ROME — President Trump met with Pope Francis for the first time at the Vatican on Wednesday, as he continued his tour of homelands of followers of Islam, Judaism and Christianity.
Following the meeting, which was behind closed doors, the pontiff gifted Trump a medal by a Roman artist depicting an olive — a symbol of peace — as well as a signed message of peace and copies of his three main teaching documents.
Trump told the pope that he “won’t forget what you said” following the meeting. “We can use peace,” he said, adding that he would read the documents.
Trump gave the pope a first-edition set of writings from Martin Luther King Jr., including five books. He also gifted the pontiff a piece of granite from the Martin Luther King. Jr. Memorial in Washington.
The White House said that Francis spoke about King and his civil rights legacy during his address to Congress in 2015. It said the gift of writings “honors Dr. King’s hope, vision, and inspiration for generations to come,” while a bronze sculpture Trump gifted named Rising Above “represents hope for a peaceful tomorrow.”
Trump traveled to the Vatican with the first lady Melania Trump, his daughter Ivanka Trump and her husband Jared Kushner.
Trump, on his first foreign trip as president, called on Muslims to confront “the crisis of Islamic extremism” in a speech to leaders from 50 Islamic nations in Saudi Arabia on Sunday and visited Jewish and Christian holy sites in Israel.
Both outspoken leaders have taken verbal jabs at each other. Francis, in reference to then-candidate Trump’s plan to build a wall along the U.S.-Mexico border, said: “A person who only thinks about building walls, wherever they may be, and not about building bridges, is not a Christian.” Trump replied that a religious leader capable of voicing such sentiments was “disgraceful.”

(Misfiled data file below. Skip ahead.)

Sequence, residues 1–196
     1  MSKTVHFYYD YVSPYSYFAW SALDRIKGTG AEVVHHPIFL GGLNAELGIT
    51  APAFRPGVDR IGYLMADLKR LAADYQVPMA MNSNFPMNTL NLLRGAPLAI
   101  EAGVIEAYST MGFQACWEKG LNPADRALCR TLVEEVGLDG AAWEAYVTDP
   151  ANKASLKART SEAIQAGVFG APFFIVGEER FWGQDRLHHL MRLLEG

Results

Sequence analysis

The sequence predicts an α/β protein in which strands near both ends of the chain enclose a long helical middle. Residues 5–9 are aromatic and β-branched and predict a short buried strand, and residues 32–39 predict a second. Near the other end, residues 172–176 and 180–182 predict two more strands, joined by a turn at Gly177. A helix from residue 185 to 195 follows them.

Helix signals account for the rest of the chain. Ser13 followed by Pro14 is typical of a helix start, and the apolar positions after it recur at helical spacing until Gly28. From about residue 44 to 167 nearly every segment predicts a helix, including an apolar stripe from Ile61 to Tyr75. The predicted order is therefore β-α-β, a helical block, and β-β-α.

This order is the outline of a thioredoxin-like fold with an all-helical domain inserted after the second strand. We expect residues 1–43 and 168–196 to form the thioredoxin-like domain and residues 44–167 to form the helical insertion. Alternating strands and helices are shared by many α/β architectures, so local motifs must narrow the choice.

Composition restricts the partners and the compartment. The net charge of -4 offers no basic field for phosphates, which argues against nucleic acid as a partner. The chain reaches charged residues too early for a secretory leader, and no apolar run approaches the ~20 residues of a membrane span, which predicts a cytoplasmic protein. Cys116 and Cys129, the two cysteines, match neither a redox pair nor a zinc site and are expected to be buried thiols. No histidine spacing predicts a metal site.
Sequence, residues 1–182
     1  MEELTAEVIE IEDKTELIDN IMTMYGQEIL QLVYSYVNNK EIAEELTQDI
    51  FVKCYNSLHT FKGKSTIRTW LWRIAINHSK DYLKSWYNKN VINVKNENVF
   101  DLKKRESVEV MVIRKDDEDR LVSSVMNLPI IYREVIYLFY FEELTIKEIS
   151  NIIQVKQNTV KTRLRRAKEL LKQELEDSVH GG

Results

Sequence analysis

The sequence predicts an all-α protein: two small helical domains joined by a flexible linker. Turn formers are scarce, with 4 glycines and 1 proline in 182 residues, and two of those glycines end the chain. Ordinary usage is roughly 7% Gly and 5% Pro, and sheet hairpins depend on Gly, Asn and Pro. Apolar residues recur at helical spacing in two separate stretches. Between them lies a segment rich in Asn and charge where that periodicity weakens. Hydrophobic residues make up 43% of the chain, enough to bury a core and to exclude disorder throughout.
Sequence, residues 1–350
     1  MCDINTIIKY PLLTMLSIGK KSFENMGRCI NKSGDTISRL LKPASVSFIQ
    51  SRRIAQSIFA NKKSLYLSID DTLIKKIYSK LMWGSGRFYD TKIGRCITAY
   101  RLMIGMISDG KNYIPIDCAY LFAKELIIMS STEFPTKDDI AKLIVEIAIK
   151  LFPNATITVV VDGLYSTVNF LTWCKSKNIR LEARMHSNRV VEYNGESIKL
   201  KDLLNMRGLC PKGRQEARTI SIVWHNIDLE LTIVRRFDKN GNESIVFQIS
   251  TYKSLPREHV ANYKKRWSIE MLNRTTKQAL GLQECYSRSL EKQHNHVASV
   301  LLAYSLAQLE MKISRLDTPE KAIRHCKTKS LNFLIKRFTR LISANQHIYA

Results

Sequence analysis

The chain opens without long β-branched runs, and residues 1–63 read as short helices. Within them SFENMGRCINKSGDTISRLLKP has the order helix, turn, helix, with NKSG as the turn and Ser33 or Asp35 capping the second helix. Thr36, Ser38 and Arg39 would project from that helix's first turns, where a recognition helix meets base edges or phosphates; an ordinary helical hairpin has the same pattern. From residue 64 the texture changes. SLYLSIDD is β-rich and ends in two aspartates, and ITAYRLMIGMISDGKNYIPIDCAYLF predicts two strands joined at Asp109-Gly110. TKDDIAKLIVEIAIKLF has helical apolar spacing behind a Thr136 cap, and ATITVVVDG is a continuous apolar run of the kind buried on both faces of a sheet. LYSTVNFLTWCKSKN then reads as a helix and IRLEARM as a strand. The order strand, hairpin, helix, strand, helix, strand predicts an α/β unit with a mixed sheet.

“For all their differences, both men say what they feel and speak clearly and freely, without holding back,” said Lucetta Scaraffia, a modern history professor at Rome’s La Sapienza University and the author of several books about the Vatican. “In their own ways, each is very undiplomatic.”
Francis and Trump are unlikely to criticize each other so bluntly when they meet — at least in public, said Andrea Tornielli, a veteran Vatican watcher with Italy’s La Stampa newspaper.
“This is not going to be a boxing match,” Tornielli said. “It’s their first meeting, and I think they will both try hard to find some common ground.”
Later Wednesday, Trump will meet with Italian Prime Minister Paolo Gentiloni and President Sergio Mattarella. Trump and Gentiloni met a month ago, during the prime minister’s state visit to Washington. This time, the U.S. and Italian leaders will likely discuss migration issues, international security and possible economic cooperation between the two countries that are longtime allies.
At least a half-dozen protests against Trump were scheduled to take place in Rome on Tuesday or Wednesday.
Contributing: Jane Onyanga-Omara in London, The Associated Press